Face/Off‘s premise tries to pass as sci-fi, but it’s truly just stupid. Even so, the film conveys it with enough confidence to pull it off. It doesn’t have seriousness per se, far from it; however, Face/Off seems convinced of its own grandness, ironically bringing it to life in the process. Unlike Con Air and even The Fifth Element, Face/Off seems under the impression that it is a triumphant achievement in sci-fi; even Cage is considerably more subdued, mainly because he spends most of the film playing the good guy. It has no self-awareness, but it hardly needs it. Stylized and unrestrained, the film finds John Woo at his Hollywood peak, directing elegantly choreographed action scenes that elevate the film above its ludicrous premise.
And yet, Face/Off is campy. The editing choices, the slow-motion during the oddest moments, and the dialogue all qualify it as a camp classic. The action scenes are much more straightforward and less extravagant, but there is a shootout set to Somewhere Over the Rainbow — and that’s more than enough.
The actors do a lot of the camp heavy lifting. Cage might be under control, but Travolta sure isn’t, doing his utmost to deliver a Nicolas Cage performance and coming out victorious. Meanwhile, Cage stutters and weeps his way through dialogue while becoming smaller in his own skin. This exchange alone is enough to launch a thousand think pieces and analyses because it’s a meal of a scene, showcasing two masters of camp at the height of their abilities. Come on, Travolta tries to lick Cage’s face in those two minutes. It might lack Con Air‘s audacity, but Face/Off has enough panache to secure a place in the camp hall of fame.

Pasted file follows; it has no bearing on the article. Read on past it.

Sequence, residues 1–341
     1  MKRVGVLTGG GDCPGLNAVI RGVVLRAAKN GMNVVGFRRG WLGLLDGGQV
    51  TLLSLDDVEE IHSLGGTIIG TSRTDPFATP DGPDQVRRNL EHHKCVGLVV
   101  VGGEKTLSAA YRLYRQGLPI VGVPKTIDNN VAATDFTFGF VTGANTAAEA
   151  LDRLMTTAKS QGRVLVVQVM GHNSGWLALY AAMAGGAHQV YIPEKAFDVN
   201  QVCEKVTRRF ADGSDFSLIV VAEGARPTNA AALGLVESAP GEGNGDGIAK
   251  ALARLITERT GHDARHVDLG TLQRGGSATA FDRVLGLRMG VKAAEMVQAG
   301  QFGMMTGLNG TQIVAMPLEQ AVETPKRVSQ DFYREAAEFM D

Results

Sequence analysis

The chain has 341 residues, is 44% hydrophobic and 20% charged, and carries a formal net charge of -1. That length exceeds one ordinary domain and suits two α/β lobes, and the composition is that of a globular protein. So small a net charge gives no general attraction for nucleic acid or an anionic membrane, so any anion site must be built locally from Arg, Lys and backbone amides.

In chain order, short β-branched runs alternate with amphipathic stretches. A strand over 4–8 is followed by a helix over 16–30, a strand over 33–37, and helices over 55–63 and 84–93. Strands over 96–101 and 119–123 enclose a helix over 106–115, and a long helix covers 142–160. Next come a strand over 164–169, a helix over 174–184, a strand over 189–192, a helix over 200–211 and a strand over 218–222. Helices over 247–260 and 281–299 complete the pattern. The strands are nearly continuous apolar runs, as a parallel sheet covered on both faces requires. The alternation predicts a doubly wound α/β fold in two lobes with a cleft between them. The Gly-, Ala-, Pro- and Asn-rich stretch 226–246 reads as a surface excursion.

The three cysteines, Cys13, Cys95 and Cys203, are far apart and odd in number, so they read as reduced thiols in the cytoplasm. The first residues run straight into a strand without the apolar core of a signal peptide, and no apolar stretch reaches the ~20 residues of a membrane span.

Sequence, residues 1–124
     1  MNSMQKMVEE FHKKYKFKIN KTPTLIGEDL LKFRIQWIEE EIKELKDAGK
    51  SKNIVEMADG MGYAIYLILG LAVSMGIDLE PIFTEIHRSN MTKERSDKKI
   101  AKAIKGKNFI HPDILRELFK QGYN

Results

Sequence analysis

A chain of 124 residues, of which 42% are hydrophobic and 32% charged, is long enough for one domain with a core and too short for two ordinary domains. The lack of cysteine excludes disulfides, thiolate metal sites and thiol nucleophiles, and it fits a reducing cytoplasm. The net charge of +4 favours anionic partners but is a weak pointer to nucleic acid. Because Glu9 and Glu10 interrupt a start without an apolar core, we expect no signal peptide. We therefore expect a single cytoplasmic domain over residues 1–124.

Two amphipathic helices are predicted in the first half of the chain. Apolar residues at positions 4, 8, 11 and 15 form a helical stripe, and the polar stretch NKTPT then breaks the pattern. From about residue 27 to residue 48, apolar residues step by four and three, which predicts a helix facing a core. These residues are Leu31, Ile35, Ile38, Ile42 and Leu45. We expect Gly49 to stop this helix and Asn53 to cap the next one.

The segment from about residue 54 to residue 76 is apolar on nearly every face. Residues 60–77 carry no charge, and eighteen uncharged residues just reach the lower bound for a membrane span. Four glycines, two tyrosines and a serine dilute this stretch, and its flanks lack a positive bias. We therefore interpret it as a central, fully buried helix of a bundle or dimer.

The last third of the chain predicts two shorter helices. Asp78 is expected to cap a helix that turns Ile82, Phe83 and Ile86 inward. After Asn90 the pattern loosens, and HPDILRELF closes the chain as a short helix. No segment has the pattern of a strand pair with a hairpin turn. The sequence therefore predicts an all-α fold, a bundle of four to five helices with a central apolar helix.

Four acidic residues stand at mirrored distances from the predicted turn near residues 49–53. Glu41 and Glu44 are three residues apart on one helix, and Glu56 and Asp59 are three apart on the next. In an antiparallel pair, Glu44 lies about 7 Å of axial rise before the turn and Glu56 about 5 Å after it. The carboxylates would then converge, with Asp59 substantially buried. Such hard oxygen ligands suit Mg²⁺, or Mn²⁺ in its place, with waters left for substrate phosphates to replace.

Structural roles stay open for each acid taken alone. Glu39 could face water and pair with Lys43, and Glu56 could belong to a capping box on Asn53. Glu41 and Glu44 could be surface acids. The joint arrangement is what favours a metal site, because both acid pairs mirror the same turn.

It’s no overstatement to say that Gary Oldman out-Gary Oldman’s himself with his deranged performance in Air Force One. This is the man that delivered the line “Death is whimsical today” and turned it into an iconic piece of film dialogue, and he brings the same frenzied enthusiasm to his Egor Korshunov in Petersen’s classic action flick. Oldman plays — surprise! — the villain, a Russian nationalist and the living embodiment of the Soviet Union.
Oldman’s antics seem more apparent when compared with Harrison Ford, neck-deep in his usual straight-man, action hero persona. Air Force One could be entirely deprived of camp if it weren’t for the fact that Ford plays the President of the United States as an ass-kicking hero capable of taking down a small army of Russian terrorists in a suit and tie. Escapism is one thing, but Air Force One asks audiences to completely shut down their brains and nod in agreement.